Nine-year-old Leah's invisible friend seems harmless enough. . .until she begins to paint the future. Suddenly, the townspeople are divided between those who see her as a prophet and those who fear the danger she represents. Caught in the middle is Leah's agnostic father, who clashes with a powerful town pastor over Leah's prophecies and what to do about them.
Leah is a child from Away, isolated from her peers because of her stutter. After her family moves to Mattingly, she begins painting scenes that are epic in scope, brilliant in detail, and suffused with rich, prophetic imagery. When the event foreshadowed in the first painting dramatically comes true, the town takes notice.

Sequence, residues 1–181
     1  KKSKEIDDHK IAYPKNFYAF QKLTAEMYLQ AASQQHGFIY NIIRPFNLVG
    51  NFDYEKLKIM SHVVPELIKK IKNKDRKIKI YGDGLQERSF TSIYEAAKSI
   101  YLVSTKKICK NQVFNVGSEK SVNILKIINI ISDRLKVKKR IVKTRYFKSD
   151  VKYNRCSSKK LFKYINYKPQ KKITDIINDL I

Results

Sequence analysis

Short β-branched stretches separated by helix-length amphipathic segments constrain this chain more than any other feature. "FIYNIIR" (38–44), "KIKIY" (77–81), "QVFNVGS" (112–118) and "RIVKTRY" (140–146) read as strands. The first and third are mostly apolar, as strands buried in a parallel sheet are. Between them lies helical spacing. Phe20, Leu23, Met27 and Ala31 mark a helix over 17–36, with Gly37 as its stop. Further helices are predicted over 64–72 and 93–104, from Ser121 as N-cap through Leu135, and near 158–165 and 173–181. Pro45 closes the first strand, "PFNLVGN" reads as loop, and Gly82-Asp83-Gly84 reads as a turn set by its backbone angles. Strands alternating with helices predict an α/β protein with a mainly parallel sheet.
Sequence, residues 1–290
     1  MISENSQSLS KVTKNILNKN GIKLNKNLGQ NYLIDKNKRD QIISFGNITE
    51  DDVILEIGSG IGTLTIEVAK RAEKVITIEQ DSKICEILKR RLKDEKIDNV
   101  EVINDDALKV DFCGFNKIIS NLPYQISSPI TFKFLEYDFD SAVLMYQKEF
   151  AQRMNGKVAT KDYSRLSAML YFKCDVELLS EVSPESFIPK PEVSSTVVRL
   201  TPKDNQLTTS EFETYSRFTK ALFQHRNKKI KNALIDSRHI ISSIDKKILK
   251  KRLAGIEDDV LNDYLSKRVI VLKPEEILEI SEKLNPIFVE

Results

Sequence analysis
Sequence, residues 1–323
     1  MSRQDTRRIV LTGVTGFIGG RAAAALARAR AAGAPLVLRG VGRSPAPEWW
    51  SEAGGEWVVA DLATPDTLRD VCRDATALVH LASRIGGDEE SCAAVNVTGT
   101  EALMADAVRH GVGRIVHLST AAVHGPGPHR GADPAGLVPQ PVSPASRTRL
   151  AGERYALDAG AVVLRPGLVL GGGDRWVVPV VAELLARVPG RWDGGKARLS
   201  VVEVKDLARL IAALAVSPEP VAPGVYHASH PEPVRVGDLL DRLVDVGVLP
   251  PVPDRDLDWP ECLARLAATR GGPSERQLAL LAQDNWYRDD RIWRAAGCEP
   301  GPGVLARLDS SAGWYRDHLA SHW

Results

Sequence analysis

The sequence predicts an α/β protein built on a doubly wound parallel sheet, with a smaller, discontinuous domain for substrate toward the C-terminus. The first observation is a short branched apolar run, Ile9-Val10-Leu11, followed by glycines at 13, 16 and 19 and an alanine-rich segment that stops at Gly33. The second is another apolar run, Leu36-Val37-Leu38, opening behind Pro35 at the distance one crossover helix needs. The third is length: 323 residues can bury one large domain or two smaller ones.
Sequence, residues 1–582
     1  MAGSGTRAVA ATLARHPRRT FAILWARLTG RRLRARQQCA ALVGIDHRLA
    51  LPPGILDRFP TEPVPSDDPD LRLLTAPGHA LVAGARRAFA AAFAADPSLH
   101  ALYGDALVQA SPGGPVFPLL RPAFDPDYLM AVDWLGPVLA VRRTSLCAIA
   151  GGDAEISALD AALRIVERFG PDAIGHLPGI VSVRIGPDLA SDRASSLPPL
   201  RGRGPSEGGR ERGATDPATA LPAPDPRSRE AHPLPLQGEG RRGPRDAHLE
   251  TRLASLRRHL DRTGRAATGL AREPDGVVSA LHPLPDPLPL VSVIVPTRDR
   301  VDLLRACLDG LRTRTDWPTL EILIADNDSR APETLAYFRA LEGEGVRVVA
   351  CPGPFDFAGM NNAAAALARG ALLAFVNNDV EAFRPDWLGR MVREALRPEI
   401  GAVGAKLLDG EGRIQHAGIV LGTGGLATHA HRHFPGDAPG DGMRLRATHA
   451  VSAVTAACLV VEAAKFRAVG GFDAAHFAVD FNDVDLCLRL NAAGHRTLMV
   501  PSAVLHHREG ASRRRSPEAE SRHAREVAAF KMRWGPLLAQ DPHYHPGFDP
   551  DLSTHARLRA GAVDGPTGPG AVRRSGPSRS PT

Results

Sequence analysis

Leah attributes her ability to foretell the future to an invisible friend she calls the Rainbow Man. Some of the townsfolk are enchanted with her. Others fear her. But there is one thing they all agree on—there is no such thing as the Rainbow Man.
The town minister is unraveled by the notion that a mere child with no formal training may be hearing from God more clearly than he does.
While the town bickers over what to do with this strange child, the content of Leah's paintings grows darker. Still, Leah insists that the Rainbow Man's heart is pure.
Then a dramatic and tragic turn of events leaves the town reeling and places everyone's lives in danger. The people of Mattingly face a single choice: will they cling to what they know . . . or embrace the things Leah believes in that cannot be seen?